4 Things We Look for in a Leader
If you think we vote judiciously, think again.
Posted Mar 07, 2016
Clearly, this has been an election cycle in which all bets have been off. Donald Trump has taken to calling Senator Marco Rubio “Little Marco.” Senator Rubio fired back by making insinuations about Mr. Trump's, ahem, “small hands.” Though many would consider these references too immature and crass to have a place in politics, they do raise an intriguing question about whether we prefer certain physical attributes in our leaders — and without even being aware of it. Science suggests that we do. Here are four physical attributes we look for in a leader.
1. Wide Mouths
Previous research has revealed that facial appearance can predict not only the selection of leaders, but also their performance. One such feature is the width of the mouth, which is associated with the inclination for physical combat in primates — and is perhaps related to being perceived as more dominant and of higher social rank by others. Take a study that first showed that, indeed, mouth width correlated with the selection of leaders. Through applying this finding to actual leaders, it was then demonstrated that mouth width was correlated with people's judgments of CEOs' leadership capabilities as well as with their actual leadership success (i.e., how profitable their companies were). People with with wider mouths were also more likely to have won senatorial — but, curiously, not gubernatorial — races in United States.
2. Physical Attractiveness.
Studies demonstrate that beauty tends to win ballots. One line of research contends that this may be due to the halo effect, or the bias that what is beautiful is good. Yet another argument holds that we may prefer leaders who appear to be healthy — and good looks are an advertisement of a sturdy constitution. The relationship between disease concerns and the preference for attractive leaders has enjoyed empirical support. Consider a study which found that in congressional districts with greater disease threats, the more likely it was that physically attractive candidates would be elected. Similarly, the same study found that when disease concerns were experimentally activated, people tended to prefer comely candidates and value good looks in leaders to a greater degree.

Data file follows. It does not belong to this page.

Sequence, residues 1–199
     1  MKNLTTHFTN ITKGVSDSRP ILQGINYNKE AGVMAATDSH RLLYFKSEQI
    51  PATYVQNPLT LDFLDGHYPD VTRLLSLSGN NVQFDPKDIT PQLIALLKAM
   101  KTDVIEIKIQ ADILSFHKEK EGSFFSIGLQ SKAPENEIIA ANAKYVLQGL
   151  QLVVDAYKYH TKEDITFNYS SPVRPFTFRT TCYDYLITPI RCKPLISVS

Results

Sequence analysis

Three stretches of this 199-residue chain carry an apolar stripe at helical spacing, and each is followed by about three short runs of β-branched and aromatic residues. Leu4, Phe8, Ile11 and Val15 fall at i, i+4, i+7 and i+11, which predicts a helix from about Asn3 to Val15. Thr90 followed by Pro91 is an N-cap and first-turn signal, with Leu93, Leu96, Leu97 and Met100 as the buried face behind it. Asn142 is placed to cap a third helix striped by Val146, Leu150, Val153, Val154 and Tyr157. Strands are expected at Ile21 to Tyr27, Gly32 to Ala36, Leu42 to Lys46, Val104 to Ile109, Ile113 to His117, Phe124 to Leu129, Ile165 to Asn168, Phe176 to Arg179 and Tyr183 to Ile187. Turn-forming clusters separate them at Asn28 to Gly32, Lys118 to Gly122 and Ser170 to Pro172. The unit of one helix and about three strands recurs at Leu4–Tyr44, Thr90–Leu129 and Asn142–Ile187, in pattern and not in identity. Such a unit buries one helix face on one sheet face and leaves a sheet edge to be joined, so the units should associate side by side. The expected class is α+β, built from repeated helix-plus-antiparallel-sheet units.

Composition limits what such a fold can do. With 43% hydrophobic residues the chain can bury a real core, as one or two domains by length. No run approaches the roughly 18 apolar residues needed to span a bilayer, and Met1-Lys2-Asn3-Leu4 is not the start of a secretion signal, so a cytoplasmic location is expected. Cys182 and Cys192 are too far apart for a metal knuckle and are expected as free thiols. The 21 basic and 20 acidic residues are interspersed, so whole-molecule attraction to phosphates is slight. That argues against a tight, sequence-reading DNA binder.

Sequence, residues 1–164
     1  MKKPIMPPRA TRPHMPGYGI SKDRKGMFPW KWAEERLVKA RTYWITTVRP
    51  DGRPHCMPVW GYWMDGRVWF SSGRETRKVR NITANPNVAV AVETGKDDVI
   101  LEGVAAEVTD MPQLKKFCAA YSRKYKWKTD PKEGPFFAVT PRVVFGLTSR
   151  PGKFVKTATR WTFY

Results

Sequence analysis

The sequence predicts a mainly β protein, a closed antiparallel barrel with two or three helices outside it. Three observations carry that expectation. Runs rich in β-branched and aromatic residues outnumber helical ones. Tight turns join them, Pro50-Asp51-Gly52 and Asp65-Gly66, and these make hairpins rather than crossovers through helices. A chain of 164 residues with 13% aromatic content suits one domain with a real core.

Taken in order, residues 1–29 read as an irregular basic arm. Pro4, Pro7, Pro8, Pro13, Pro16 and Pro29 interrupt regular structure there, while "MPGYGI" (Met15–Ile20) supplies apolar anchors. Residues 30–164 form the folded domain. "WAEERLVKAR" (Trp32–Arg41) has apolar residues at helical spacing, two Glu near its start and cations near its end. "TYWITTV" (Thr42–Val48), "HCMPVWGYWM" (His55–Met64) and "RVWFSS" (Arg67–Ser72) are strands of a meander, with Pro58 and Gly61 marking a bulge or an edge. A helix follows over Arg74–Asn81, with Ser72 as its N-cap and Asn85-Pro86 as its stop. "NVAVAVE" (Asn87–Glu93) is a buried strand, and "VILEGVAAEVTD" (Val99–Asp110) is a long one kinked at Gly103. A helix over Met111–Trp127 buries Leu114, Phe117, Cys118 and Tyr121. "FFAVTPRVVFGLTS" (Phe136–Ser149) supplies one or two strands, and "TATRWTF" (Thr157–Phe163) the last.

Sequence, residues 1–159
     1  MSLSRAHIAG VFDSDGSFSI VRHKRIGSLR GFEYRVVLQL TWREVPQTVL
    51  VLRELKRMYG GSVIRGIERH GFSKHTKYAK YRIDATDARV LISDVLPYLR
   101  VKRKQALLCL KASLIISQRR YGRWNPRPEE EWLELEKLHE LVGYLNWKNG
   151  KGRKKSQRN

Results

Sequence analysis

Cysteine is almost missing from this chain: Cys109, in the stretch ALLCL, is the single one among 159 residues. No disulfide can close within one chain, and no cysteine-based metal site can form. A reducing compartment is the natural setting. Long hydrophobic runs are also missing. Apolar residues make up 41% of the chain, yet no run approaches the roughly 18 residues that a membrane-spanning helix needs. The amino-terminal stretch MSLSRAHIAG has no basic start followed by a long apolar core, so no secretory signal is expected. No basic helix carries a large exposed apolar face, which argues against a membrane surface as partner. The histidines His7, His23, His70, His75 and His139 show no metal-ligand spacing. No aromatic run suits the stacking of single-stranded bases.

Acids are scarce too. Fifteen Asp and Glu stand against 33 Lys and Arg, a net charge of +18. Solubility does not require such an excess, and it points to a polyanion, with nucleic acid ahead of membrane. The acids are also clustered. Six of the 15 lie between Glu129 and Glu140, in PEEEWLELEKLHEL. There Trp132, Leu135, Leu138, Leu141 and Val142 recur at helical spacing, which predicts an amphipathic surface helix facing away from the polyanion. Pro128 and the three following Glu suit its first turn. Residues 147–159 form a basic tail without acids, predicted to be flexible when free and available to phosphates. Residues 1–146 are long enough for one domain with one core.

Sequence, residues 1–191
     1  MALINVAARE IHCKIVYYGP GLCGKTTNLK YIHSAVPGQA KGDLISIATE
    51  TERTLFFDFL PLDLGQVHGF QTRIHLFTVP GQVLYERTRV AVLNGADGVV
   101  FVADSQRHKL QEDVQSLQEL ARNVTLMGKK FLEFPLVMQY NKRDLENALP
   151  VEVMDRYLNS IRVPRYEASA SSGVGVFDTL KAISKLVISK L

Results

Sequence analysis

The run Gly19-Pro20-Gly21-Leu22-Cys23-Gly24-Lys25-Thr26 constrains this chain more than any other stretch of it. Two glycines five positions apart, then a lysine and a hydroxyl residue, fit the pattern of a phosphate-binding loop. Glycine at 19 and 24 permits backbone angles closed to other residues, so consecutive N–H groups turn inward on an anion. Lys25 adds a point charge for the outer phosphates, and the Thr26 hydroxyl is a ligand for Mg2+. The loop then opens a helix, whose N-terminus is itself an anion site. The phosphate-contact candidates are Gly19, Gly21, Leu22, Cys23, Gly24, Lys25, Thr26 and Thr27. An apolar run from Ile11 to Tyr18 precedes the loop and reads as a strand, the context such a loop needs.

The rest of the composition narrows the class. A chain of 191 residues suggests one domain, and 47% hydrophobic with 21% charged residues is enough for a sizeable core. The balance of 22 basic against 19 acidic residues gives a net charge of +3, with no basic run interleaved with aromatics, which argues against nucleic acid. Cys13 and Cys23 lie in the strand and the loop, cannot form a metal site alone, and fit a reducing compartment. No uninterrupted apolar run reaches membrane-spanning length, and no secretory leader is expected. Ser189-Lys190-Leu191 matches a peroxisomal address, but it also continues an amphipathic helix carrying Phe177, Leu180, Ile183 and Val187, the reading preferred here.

3. Deep Voices
Studies show that political candidates with deeper voices tend to win modern elections. Deeper voices are perceived as stronger and more dominant, suggesting that people prefer leaders who can protect and prevail in conflicts. Take a study that extended these findings, revealing that conservative Republicans prefer male candidates who have lower-pitched voices than do liberal Democrats. Why? The authors contend that it may have to do with their differing world views. This study found that conservative Republicans generally view the world as a much more competitive and threatening place than do liberal Democrats, thus encouraging their preference for leaders who show signals of strength — like a deep voice.
According to research, taller political candidates tend to be more successful. In a study that compiled all data on all presidential elections, investigators demonstrated that height is a major and influential factor in the US presidential elections. Candidates who were taller than their competitors tallied more popular votes — although, curiously, they were not significantly more likely to win the actual election. Presidents of taller stature were also more likely to be reelected. What's more, presidents were substantially taller than men from the same birth cohort. What explains these results? The authors maintain that taller presidents are seen as having greater leadership and communication skills. These findings also remain in keeping with other studies showing that height is associated with strength, which would have been an important attribute for leaders in our evolutionary past.
Perhaps the more aware we are of our biases, the more we can cast our votes in this election with the full might of our discerning minds.
Vinita Mehta, Ph.D., is a licensed clinical psychologist in Washington, D.C., and an expert on relationships, managing anxiety and stress, and building health and resilience. She provides speaking engagements for your organization and psychotherapy for adults. She has successfully worked with individuals struggling with depression, anxiety, and life transitions, with a growing specialization in recovery from trauma and abuse. She is also the author of a forthcoming book on dating, mating, and relationships.
"Vote Choice, Ideology, and Social Dominance Orientation Influence Preferences for Lower Pitched Voices in Political Candidates." Laustsen, L, Petersen, MB, Klofstad, CA. Evolutionary Psychology 13 (3), 1474704915600576.
"The big man has a big mouth: Mouth width correlates with perceived leadership ability and actual leadership performance." Daniel E. Re , Nicholas O. Rule. Journal of Experimental Social Psychology, Volume 63, March 2016, Pages 86–93.
"Tall claims? Sense and nonsense about the importance of height of US presidents." Stulp, G, Buunk, AP, Verhulst, S Pollet, TV. The Leadership Quarterly 24 (1), 159-171
"Beauty at the Ballot Box: Disease Threats Predict Preferences for Physically Attractive Leaders." White, A.E., Kenrick, D.T., Neuberg, S.L. Psychological Science October 11, 2013. 0956797613493642